WASHINGTON – Seven freight forwarding companies – Air Land Forwarders, Arpin International Group, Covan International, Jet Forwarding, and SIRVA, the parent company of Allied Freight Forwarding, Global Worldwide and North American Van Lines – agreed to pay the United States $666,237 for allegations of bid rigging in violation of the False Claims Act, the Justice Department announced today.
As a result of the settlement, Air Land Forwarders will pay $72,513; Arpin International Group: $59,017; Covan International: $51,358; Jet Forwarding: $50,751; and the SIRVA companies: $432,598. The seven companies have contracts with the Defense Department to transport household goods belonging to military and civilian personnel between Europe and the United States.
The United States intervened in actions alleging that Gosselin Worldwide Moving N.V., a Belgian company, via its managing director Marc Smet, and four German moving companies, executed a written agreement in November 2000 to raise the rates that they charged these freight forwarding companies for packing and unpacking services within Germany and for services performed at German ports, and that none of the companies would perform work for less than the agreed-upon rate.
The United States contends that the seven settling freight forwarding companies furthered the conspiracy by submitting bids to the Pentagon at specific elevated price levels according to the instructions of other conspirators and that they were subsequently awarded transportation contracts based on their non-competitive bids. The result of the conspiracy was that the Defense Department overpaid for transportation contracts beginning in 2001 and continuing at least through 2002. The United States previously settled all claims against The Pasha Group, its subsidiaries and employees for $13 million.
A portion of the settlement with SIRVA is to resolve civil claims against Allied Freight Forwarding in connection with its 2006 guilty plea to two criminal antitrust charges. Allied pleaded guilty to conspiring with another freight forwarder not to compete against each other when submitting bids to the Defense Department for the transportation of military household goods between Germany and the United States, and between Italy and the United States. In addition, Allied pleaded guilty to conspiring with three other freight forwarding companies in which the three submitted bids on Allied’s behalf and Allied assumed responsibility for transporting all cargo between the continental United States and Hawaii that was awarded to the three freight forwarders.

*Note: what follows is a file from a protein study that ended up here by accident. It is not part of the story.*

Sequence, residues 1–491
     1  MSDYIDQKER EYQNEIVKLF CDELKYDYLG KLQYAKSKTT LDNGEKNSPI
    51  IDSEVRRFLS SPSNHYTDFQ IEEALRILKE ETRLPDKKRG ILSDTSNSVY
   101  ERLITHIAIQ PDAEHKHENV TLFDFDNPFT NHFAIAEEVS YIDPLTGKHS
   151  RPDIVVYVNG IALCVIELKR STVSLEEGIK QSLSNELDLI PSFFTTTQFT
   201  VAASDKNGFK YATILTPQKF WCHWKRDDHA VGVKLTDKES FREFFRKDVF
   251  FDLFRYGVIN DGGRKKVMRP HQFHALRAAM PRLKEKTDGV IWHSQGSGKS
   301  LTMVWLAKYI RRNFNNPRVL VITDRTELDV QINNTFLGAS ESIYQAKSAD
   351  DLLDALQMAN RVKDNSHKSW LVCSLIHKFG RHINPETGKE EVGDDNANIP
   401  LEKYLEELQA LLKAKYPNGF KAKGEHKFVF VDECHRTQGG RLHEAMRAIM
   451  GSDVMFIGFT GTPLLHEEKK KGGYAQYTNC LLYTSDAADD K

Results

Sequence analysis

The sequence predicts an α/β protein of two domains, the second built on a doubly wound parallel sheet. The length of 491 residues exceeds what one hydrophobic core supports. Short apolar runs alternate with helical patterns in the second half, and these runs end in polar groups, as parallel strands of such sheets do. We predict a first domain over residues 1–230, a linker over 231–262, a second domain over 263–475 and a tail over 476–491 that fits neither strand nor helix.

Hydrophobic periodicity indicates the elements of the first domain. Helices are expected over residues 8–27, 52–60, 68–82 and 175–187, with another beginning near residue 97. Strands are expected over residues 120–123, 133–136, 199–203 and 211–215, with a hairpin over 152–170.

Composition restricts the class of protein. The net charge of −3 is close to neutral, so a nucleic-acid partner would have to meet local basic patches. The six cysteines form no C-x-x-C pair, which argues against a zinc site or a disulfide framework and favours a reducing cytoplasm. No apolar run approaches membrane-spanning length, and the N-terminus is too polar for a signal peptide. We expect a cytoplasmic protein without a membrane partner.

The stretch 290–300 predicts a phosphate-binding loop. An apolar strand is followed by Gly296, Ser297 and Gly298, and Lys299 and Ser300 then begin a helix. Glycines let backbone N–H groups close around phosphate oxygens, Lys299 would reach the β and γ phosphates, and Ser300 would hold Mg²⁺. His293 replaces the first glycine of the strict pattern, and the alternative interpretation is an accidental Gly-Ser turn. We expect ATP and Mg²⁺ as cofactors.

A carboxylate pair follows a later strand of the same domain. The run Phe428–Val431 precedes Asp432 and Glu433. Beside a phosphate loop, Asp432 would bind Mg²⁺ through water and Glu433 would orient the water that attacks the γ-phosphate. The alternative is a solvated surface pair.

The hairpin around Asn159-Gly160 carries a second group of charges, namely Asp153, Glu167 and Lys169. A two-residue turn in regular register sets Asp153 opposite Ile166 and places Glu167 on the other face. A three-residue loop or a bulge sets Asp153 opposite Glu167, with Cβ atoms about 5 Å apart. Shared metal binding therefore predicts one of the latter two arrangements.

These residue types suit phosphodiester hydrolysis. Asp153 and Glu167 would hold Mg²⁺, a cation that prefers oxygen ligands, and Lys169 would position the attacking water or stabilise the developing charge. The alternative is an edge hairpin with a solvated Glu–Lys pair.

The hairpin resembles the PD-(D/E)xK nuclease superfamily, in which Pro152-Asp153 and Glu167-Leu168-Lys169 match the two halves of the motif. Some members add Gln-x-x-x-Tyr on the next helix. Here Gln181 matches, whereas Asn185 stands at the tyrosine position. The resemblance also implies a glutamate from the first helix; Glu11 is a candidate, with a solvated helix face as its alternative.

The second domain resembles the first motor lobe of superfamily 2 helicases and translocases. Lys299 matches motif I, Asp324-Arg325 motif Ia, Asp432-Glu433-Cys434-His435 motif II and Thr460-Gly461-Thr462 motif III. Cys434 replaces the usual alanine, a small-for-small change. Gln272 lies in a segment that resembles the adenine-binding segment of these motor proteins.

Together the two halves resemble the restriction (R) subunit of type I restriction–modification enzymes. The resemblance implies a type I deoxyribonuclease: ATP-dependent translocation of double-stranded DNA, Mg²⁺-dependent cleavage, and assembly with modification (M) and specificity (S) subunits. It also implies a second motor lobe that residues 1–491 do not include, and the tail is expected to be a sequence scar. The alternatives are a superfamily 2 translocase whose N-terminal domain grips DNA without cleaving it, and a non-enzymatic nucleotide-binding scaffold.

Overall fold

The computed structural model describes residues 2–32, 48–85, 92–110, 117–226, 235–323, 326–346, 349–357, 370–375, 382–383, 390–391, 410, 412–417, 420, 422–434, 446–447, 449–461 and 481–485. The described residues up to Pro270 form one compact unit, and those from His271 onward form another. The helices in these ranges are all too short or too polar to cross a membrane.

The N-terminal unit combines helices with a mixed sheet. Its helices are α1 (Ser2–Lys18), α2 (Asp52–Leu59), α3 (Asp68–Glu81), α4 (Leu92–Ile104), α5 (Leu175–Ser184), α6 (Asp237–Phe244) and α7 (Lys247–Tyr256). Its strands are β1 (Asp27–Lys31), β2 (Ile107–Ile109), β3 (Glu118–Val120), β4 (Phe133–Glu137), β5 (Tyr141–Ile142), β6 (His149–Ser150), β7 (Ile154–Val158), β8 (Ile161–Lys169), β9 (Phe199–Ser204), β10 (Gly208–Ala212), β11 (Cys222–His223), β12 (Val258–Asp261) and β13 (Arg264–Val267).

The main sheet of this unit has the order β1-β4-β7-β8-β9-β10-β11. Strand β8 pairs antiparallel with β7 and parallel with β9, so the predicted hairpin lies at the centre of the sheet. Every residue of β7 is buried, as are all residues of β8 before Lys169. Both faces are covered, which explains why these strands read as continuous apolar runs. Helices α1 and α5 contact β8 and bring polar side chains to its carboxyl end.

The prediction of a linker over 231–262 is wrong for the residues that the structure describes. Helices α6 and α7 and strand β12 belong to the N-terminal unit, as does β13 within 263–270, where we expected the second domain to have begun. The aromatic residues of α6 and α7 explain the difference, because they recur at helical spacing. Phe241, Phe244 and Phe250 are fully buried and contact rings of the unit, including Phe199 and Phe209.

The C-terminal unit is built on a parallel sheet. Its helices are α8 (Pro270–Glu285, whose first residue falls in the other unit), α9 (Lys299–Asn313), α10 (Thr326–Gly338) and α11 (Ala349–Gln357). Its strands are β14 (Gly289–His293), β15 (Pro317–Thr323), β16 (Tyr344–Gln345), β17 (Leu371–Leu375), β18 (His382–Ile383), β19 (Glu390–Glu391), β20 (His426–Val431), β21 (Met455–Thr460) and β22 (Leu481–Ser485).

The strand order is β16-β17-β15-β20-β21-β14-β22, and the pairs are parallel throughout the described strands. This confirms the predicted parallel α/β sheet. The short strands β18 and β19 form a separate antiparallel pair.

"These settlements reflect the United States’ determination to combat schemes that undermine the integrity of the military’s right to acquire services at a competitive price," said Gregory G. Katsas, acting Assistant Attorney General of the Justice Department’s Civil Division.
The Gosselin conspiracy was brought to the United States’ attention by two lawsuits. One was filed in the U.S. District Court for the Eastern District of Virginia by Kurt Bunk and Daniel Heuser, two German citizens who worked with one of the German moving companies. The other was filed in the Eastern District of Missouri by Ray Ammons, who owned an American freight forwarding company. They filed the suits under the qui tam provisions of the False Claims Act, which permits private citizens, known as "relators," to sue on behalf of the government to recover federal funds that were obtained by false or fraudulent claims.
In addition to monetary payments, each of the seven freight forwarding companies agreed to cooperate with the government as it pursues claims against Gosselin Worldwide Moving N.V., Smet and four German moving companies – Birkart Globistics GmbH & Co. Logistik und Service KG, ITO Möbel Transport GmbH, Viktoria International Spedition, and Andreas Christ Spedition & Möbeltransport GmbH – that allegedly participated in the scheme.